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Treasures of the Valley » Mike lawler

Posted by on Mar 27th, 2014 and filed under Viewpoints. You can follow any responses to this entry through the RSS 2.0. You can leave a response or trackback to this entry

The Little Hills in Our Valley – Collins Hill

Mike Lawler is the former  president of the Historical Society of the Crescenta Valley and loves local history. Reach him at lawlerdad@yahoo.com.

Mike Lawler is the former
president of the Historical Society
of the Crescenta Valley and loves local history. Reach him at
lawlerdad@yahoo.com.

Collins Hill is the smallest of the little hills in our valley, nothing more than a bump really, and yet it has the most historically to write about. It’s so small in fact that it’s hard to find. Tiny Collins Hill is bounded on the east by Ocean View, the north by Barton Way, the west by Briggs, and the south by the 210 Freeway. You can drive to the top by entering a driveway at 4371 Ocean View. The driveway winds up Collins Hill to an apartment complex at the top. The hill is named for Mark Collins, an early developer who had a hand in just about every big development deal in the ’20s and ’30s. (I’ve always wondered if Markridge Road is named after Mark Collins.) Collins Hill used to extend east across what is today Ocean View, but when that street was pushed through, builders shaved off that eastern edge.

Collins Hill is first mentioned in April 1926, when the Kiwanis Club erected a large white cross on top of the hill for the valley’s first Easter sunrise service. A bugle call at sunrise opened the services, which were conducted by the ministers from La Crescenta Presbyterian, Montrose Methodist and La Cañada Community Church.

Soon after that, Mark Collins flattened the top of his hill, and built a grand restaurant there named the Hill Top Inn. It was a long low structure facing the Verdugo and San Rafael Mountains featuring a rooftop patio, and looking down to a view of Los Angeles and the ocean beyond. It was managed by Stuart Collins, Mark’s son, and its phone number was Crescenta 5. A menu survives, and has a poem on the cover:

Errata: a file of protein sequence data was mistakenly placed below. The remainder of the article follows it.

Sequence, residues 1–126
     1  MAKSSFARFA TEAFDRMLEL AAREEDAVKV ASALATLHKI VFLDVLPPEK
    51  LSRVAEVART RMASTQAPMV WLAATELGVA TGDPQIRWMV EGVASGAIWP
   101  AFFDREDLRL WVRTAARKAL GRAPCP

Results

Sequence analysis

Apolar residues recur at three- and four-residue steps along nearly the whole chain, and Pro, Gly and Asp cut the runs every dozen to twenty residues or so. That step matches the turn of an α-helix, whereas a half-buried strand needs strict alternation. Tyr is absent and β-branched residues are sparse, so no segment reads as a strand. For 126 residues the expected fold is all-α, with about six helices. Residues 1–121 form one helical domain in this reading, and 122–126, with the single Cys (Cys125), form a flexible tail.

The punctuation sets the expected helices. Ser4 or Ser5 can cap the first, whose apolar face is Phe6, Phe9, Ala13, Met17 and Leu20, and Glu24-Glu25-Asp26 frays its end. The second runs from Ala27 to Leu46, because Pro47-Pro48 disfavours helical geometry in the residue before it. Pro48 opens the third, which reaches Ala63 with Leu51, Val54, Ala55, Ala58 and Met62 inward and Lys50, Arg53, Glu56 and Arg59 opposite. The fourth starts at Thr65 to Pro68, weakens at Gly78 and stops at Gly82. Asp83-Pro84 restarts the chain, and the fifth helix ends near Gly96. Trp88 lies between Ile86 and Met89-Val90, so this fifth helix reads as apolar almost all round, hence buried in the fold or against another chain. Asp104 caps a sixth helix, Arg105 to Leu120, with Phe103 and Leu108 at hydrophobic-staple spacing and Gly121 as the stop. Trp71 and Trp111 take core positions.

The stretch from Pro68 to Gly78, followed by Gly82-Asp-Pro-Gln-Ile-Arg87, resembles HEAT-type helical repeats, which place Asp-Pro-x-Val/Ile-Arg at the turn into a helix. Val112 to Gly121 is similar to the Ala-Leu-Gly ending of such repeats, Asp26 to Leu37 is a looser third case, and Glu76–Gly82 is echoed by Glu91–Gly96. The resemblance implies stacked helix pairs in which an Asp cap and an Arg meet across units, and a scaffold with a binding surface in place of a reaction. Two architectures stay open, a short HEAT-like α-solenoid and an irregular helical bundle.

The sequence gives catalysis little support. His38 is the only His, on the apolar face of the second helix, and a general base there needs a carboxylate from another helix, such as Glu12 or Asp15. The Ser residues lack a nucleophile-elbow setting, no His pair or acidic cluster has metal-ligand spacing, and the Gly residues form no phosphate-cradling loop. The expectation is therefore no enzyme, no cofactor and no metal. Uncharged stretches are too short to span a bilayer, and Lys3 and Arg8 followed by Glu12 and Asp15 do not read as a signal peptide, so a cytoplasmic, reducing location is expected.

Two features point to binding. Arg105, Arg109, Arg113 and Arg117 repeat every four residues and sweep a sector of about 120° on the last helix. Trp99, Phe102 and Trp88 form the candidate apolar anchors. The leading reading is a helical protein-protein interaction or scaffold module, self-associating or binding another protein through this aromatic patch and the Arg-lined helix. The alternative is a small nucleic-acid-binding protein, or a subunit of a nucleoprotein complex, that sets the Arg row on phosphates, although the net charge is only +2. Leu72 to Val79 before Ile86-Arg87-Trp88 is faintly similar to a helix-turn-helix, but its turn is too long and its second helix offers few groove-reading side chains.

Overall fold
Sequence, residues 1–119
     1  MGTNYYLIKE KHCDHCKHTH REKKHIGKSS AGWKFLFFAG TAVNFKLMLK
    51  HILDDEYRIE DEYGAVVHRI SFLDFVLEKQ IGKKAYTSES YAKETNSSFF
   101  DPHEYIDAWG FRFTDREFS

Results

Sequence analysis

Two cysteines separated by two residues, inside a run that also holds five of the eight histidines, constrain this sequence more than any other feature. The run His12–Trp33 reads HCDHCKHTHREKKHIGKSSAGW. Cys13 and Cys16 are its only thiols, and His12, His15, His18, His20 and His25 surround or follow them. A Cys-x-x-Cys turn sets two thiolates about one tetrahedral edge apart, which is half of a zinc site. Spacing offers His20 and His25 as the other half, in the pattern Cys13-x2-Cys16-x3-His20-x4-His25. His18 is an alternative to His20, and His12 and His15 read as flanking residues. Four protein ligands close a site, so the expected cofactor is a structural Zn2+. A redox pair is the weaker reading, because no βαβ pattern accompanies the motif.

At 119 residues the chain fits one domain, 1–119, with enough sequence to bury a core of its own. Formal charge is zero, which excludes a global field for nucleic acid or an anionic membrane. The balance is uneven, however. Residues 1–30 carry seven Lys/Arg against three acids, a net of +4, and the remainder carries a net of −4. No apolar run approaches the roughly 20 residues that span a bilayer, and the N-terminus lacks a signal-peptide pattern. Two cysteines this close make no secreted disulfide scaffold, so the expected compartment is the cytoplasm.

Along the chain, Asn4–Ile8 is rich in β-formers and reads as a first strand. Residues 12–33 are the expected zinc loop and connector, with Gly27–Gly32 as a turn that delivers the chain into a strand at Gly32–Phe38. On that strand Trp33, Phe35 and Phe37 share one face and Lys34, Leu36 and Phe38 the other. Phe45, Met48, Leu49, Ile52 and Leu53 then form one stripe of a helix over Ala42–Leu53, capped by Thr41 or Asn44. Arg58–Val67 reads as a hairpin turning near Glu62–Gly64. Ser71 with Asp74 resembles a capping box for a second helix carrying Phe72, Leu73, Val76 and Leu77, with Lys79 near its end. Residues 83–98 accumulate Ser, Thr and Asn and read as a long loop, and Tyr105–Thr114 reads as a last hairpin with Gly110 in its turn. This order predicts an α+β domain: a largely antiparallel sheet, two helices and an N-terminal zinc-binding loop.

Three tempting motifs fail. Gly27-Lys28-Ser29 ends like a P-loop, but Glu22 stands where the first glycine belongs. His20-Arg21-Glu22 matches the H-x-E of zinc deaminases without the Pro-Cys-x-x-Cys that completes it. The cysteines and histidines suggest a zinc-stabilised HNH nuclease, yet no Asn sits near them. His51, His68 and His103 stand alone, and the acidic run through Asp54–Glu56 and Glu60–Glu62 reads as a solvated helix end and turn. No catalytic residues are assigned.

“Up where the air is cool and sweet; where the purple range the heavens meet.

Where the view beyond and the view below, in turquoise colors softly glow.

Where the silver airship passes by, and you follow its way in the vaulted sky.

Up where your cares all fade away, and you feel you are monarch of all you survey.

Where friends and family gather in, and you sit at your ease and dine like a king.”

Dinner was $1.25, a hefty sum back then, and offered soup or salad, fried chicken with cranberry sauce, or steak and potatoes, and hot biscuits and honey. Desserts were apple pie a-la-mode, or a choice of sundaes in the following flavors: fresh strawberry, maple nut, chocolate walnut or marshmallow. “Hill Top Coffee” was served from vacuum pitchers and special coffee glasses.

A couple notable Collins Hill stories have been handed down. On New Year’s Eve 1933 just before midnight, 15 Gas Company employees were trying to dig their trucks out of the mud on Ocean View by Collins Hill. At midnight as they sloshed through the building stream buffeting their trucks, they suddenly heard the rumble and roar of the approaching mud and rock flow roaring down the Hall-Beckley Canyon. It sounded like an approaching freight train. They sprinted for the driveway running up Collins Hill to the Hill Top Inn, where they sheltered for the night, to find in the morning that everything below – houses, trucks, and people – had been swept away.

Another story reads like the fantasy of every child. One day when the Hilltop Inn was receiving a load of ice cream, the delivery truck lost its brakes and rolled down the side of Collins Hill, spilling ice cream out as it rolled. Kids in the quiet valley flocked to Collins Hill, attracted to the noise of the crash, and were rewarded with armloads of free ice cream – as much as they could carry.

We don’t know when the restaurant went out of business – it was a long time ago. The restaurant was carved up into apartments, augmented by cracker-box rental houses. In the ’70s, the top of Collins Hill was bulldozed clear and the current apartment buildings were built. The community lost a real treasure on Collins Hill. It must have been a fantastic spot for a restaurant!

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